On Friday 2 September, Wikileaks finally published the full batch of over 250,000 US diplomatic cables. The unredacted cables are now available online. The decision to dump the data in the open has landed Wikileaks in further controversy and drawn condemnation from its former media partners around the world, due to the possible risk of harm or danger to individuals named in the cables.
Perhaps it was only a matter of time. As interest in the story waned at The Guardian and other media outlets, Wikileaks engaged a wider range of partners, including 234NEXT.com in Nigeria, to leak country specific material. But the sheer number and size of documents would put any media organisation under strain, and within a few weeks 234NEXT had moved on like its predecessors. The task of editing and redacting the material presented a substantial burden which nobody seemed able to bear for too long.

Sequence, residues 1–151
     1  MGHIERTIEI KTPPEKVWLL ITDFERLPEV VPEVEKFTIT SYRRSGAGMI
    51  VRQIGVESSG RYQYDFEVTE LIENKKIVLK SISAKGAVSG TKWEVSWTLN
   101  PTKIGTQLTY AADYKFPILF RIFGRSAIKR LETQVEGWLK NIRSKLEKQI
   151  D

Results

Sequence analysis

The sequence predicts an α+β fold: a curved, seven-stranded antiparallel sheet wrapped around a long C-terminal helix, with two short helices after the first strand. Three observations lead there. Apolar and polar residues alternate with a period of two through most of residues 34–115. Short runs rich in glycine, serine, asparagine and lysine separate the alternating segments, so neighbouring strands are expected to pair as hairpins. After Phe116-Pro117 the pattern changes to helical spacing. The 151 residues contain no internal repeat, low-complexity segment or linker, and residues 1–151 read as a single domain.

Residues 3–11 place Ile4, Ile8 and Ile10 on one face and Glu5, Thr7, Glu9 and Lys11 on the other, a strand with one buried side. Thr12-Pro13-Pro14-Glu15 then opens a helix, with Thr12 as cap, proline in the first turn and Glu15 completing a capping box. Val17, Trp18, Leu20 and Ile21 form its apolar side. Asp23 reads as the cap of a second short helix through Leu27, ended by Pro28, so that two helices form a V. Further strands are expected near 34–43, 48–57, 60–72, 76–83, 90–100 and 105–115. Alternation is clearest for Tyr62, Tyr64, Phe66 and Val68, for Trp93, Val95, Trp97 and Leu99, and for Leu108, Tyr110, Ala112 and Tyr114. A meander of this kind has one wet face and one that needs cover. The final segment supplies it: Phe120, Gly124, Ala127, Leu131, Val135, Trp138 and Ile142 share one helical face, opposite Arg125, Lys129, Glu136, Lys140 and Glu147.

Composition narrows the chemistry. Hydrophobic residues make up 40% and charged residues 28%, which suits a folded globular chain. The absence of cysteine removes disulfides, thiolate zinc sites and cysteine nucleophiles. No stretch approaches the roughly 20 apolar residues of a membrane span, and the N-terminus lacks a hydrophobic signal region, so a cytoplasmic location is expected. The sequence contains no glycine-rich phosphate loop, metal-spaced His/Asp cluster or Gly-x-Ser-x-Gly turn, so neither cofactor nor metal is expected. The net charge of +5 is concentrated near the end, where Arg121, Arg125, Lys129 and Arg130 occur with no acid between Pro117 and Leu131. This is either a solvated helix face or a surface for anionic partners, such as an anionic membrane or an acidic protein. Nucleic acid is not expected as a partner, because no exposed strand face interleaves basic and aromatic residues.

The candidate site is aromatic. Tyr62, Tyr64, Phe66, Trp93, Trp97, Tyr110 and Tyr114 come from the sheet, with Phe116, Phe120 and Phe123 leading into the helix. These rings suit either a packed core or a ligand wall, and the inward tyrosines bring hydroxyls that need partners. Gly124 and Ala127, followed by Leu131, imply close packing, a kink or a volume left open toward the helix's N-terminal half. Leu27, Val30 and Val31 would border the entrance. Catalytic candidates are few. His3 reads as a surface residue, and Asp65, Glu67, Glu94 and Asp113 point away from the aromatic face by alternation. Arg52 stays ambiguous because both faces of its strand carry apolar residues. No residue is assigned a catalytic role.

Over the year, PLATFORM was able to provide timely analysis of cables that exposed Shell’s infiltration of the government of Nigeria, BP’s cover up of a major offshore gas leak in Azerbaijan, ENI’s corruption in Uganda and UK firm Heritage offers to bribe officials in Congo. Now, 9 months after the first cables were released, we will be able to look deeper into the cables and expose the oil industry’s hidden channels of power, influence and abuse and the role of our governments have played.